Count Gary Doer, Canadian ambassador to the United States, among those who were impressed with how the Triangle handled NHL All-Star weekend.
During an interview this morning at downtown Raleigh's Cardinal Club, Doer said he'd heard nothing but praise from visiting Canadian hockey fans and NHL Commissioner Gary Bettman, who he watched the All-Star game with.
"Three cheers to the community," Doer said.
Doer said he knew he was in good hands when he walked into the RBC Center and the band was playing Randy Bachman's "Taking Care of Business." Like Doer, Bachman is a native of the Canadian province of Manitoba.
(Doer was the province's premier before being named ambassador in 2009.)
Doer described Sunday as a "Chamber of Commerce Day," because of the weather and the hospitality.
"When you can golf in winter and watch hockey that's a Canadian's idea of a good time," he said.
While in town, Doer met with both Gov. Bev Perdue and Sec. of Commerce Keith Crisco.
Canada is North Carolina's largest trade partner.
In 2009, more than 443,000 Canadians made overnight visits to North Carolina, spending $123 million.
A total of 118 Canadian companies have locations in North Carolina.
Doer said increasing tourism and connecting Canadian's high-tech, pharmaceutical and biotech industries with the Triangle region are two potential growth areas.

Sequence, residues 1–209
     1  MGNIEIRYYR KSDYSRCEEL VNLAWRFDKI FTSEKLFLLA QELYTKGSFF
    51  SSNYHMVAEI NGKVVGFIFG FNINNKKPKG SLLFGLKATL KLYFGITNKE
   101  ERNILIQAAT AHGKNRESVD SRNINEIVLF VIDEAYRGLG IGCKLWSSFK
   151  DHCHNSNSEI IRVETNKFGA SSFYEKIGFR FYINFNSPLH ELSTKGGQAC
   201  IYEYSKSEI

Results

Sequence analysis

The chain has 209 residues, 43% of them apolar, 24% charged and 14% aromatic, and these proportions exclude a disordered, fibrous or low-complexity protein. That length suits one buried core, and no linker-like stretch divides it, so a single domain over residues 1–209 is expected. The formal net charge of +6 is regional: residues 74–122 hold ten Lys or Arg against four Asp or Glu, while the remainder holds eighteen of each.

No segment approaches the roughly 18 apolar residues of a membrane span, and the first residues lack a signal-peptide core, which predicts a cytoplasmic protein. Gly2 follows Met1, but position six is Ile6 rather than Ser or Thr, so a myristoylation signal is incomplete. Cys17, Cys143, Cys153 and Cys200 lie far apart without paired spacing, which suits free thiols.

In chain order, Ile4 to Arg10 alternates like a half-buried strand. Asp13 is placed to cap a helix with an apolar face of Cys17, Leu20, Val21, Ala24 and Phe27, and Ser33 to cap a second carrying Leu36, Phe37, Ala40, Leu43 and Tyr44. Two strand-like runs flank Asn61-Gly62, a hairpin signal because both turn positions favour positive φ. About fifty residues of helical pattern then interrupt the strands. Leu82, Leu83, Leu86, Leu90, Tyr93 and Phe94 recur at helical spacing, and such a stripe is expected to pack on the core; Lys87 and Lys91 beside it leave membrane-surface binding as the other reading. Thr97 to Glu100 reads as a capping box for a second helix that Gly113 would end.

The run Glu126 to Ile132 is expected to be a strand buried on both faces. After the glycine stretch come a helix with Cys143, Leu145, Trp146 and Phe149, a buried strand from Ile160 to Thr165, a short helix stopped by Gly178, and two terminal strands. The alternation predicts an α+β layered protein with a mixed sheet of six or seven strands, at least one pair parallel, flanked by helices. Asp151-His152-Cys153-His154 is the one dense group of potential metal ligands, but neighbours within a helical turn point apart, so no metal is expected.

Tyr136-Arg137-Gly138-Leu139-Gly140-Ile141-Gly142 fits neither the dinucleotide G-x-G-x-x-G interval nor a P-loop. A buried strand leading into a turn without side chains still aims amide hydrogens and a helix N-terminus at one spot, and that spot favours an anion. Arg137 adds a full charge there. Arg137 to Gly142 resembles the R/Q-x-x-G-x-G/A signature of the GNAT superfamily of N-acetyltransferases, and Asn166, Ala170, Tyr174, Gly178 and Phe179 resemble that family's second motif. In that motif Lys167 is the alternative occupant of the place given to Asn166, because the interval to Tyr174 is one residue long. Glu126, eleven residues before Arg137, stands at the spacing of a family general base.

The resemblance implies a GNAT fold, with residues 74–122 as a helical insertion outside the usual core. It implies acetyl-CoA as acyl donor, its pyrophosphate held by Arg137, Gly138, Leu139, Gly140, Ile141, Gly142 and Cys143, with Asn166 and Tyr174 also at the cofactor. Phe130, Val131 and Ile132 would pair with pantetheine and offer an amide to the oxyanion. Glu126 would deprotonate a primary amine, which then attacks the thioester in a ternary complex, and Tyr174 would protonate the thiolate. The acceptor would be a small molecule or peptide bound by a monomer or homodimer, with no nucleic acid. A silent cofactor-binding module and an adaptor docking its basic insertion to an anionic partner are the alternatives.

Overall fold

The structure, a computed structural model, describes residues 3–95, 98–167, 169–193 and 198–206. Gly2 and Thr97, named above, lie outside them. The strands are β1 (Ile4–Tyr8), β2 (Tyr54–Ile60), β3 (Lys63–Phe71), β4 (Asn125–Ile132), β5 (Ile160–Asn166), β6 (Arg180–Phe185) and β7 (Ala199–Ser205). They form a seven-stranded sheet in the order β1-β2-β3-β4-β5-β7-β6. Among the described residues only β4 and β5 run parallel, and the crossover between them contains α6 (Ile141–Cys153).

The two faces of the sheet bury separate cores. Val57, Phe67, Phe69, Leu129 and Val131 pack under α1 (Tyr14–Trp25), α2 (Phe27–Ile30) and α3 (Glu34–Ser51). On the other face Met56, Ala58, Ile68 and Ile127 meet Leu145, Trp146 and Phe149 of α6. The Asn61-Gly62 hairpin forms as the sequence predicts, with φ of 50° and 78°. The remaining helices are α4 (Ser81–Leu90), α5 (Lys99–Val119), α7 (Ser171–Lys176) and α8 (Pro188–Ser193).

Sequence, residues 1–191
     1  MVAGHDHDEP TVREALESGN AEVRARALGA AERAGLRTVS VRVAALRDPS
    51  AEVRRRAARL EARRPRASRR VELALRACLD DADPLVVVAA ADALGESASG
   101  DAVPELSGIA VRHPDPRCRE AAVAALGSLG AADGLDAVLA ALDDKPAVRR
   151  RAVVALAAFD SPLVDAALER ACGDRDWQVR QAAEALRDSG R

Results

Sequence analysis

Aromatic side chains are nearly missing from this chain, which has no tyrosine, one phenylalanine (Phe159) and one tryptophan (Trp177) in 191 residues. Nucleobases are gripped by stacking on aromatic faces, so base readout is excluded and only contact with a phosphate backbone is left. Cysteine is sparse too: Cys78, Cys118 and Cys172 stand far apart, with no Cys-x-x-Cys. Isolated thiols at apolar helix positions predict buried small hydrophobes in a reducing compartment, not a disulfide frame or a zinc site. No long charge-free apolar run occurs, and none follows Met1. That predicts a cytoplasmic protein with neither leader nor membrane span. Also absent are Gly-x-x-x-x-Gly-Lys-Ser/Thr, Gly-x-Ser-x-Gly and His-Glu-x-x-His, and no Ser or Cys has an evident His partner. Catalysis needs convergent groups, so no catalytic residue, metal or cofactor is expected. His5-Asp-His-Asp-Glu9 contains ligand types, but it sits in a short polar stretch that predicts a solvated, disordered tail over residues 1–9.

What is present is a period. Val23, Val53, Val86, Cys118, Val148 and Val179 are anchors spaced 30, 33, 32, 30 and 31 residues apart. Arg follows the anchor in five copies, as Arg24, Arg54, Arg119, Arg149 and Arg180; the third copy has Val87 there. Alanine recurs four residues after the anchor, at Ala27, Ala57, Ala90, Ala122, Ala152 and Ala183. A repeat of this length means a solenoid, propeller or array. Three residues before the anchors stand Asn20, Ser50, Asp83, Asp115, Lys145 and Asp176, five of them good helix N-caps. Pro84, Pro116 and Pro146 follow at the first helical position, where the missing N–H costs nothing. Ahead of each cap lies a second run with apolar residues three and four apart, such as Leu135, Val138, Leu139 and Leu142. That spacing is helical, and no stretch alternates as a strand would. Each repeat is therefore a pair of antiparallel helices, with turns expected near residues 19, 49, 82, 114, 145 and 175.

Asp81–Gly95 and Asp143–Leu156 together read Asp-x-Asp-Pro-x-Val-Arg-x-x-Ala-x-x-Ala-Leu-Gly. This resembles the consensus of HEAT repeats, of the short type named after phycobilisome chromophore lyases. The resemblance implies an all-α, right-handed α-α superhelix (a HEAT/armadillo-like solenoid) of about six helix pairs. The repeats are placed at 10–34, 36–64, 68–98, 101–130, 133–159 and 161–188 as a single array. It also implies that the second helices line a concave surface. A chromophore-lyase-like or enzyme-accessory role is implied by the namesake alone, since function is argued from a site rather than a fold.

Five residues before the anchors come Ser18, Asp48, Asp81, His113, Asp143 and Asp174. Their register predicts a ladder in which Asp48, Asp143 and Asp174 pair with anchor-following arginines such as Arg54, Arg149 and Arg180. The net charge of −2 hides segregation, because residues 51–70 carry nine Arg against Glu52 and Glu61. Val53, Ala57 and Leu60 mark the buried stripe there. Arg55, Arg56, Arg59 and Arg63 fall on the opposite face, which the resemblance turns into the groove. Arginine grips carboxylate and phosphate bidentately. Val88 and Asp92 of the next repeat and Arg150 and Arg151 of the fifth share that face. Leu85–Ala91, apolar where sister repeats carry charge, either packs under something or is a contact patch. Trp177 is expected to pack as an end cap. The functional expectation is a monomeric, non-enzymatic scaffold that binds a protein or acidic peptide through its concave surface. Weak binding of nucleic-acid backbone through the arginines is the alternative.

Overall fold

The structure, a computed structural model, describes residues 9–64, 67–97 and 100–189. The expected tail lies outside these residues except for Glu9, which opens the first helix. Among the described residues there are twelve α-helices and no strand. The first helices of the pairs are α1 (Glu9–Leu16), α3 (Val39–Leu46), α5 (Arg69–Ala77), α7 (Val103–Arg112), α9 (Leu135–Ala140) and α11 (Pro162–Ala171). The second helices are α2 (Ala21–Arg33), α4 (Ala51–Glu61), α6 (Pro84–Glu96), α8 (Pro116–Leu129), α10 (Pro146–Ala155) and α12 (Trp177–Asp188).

One of Canada's most innovative companies, Blackberry maker Research in Motion, has announced plans to open an office in the Triangle. Raleigh is also home to RBC Bank, which is the U.S. subsidiary of Canada's largest bank, Royal Bank of Canada.
Doer said he plans to attend the Southern Governors Association's annual meeting in Asheville later this year. Perdue is currently the chairwoman of the association.
Sec. Crisco also will attend the annual meeting of the Southeastern United States - Canadian Provinces Alliance in June in New Brunswick, Canada. The alliance promotes trade and investment between member states and provinces.
Crisco said this morning that he was more of a fan during the weekend, though he did admit that several economic development meetings took place.
"They'll be some lasting impact," he said of the weekend. "It's another step to show that Raleigh can prove itself ... and attract more events."